COLLEGE PARK -- Maryland head coach Mark Turgeon wants to make one thing clear about his new seven-foot Slovakian freshman, Michal Cekovsky.
"He's not Alex [Len]. I don't want to compare him to Alex," Turgeon said. "They're different players."
Despite the scouting report labels -- international, tall, athletic, runs the floor -- and the way his introduction to America is mirroring Len's, Turgeon insists that the player they call "Checko" will bear little resemblance on the court to the NBA's no. 5 overall pick in the 2013 draft.
As opposed to a rim protector who stalks to paint and spends the majority of the time in and around the paint, Cekovsky is a stretch-four at the power forward spot who can keep defenses honest on the perimeter while also feeling comfortable on the block.
He's fluid, Turgeon says, thanks in part to a markedly small shoe size for his height -- just a 13.
But for as much as Cekovsky and Len may diverge when it comes to the skills they possess, Turgeon sees a lot of same social progressions set to take place for the freshman.
"Like Alex, I'm sure it's going to take him a while to feel comfortable," Turgeon said.
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"Doesn't know anybody. He does speak English pretty well, but I'm sure he's a little bit nervous and anxious right now and hopefully being here all summer is going to help him feel more comfortable by the time school starts in September."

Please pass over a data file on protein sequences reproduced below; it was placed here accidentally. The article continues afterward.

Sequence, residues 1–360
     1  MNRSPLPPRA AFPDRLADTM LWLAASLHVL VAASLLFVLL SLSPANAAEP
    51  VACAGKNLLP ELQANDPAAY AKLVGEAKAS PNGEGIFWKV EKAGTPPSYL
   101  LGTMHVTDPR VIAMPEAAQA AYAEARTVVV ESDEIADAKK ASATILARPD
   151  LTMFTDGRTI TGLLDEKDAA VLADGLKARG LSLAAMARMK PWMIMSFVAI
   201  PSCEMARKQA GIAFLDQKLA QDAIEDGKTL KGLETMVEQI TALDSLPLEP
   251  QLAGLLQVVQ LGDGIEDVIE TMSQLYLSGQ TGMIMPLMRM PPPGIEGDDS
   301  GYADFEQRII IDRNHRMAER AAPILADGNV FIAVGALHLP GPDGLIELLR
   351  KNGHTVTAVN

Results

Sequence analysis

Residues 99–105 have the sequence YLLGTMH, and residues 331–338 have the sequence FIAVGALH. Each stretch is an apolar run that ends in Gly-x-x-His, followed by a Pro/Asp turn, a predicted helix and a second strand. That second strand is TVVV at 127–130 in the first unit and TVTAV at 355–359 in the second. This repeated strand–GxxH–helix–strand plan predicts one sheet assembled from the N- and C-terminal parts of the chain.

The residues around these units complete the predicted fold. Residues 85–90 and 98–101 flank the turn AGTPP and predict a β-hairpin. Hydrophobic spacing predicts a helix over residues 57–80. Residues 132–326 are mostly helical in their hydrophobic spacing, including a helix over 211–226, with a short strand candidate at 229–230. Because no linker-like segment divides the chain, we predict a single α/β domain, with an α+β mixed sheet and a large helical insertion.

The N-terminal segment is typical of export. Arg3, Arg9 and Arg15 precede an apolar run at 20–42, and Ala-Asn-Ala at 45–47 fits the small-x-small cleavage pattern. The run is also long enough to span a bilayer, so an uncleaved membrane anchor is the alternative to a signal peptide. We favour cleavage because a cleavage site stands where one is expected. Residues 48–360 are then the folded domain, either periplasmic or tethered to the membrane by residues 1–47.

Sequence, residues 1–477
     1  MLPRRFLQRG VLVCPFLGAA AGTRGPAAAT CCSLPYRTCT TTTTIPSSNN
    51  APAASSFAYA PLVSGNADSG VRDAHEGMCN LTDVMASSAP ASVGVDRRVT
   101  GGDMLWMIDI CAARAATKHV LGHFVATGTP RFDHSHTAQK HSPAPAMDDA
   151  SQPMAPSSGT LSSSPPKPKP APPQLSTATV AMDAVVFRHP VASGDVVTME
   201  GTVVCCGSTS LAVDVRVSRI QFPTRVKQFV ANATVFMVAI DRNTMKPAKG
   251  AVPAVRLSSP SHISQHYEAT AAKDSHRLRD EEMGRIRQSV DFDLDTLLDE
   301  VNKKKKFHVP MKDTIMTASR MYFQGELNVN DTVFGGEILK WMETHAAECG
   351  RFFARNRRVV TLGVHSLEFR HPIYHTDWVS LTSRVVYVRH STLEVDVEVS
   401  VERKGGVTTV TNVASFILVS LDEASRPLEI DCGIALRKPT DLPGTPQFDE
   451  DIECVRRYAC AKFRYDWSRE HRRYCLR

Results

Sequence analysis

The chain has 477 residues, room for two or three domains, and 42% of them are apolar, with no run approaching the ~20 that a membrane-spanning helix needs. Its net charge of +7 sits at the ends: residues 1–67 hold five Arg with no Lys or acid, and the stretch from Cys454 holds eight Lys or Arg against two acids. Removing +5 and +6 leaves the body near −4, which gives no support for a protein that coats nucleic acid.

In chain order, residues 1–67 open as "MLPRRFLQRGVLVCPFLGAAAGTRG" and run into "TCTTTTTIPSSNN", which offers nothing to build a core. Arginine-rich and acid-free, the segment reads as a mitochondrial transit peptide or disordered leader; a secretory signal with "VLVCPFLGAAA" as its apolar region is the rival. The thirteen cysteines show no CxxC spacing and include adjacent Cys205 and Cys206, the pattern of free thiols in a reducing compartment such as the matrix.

Cekovsky has secured his visa and officially enrolled in summer classes at Maryland. He was spotted on campus in the program's athletics office on Monday, but had not yet been able to begin offseason conditioning drills as of the early part of the week.
That, of course, will soon change.
Within the confines of Maryland's offensive system, he fits well as a part of the secondary break that often features four players around the three-point line and one in the middle.
Depending on the lineup and how Turgeon wants to use Cekovsky, the Terrapins could simultaneously have four legitimate mid-to-long range shooters -- say, Melo Trimble, Dez Wells, Jake Layman, and Cekovsky -- and two seven-footers -- Cekovsky and Damonte Dodd or Trayvon Reed -- on the floor.
That would means points on one end and length on the other, two things Maryland could have used more of in 2013-14.
The question will be how quickly Cekovsky acclimates himself to the American game, but there will be no shortage of confidence in him as he does so for one main reason, Turgeon says.
"He's a talent."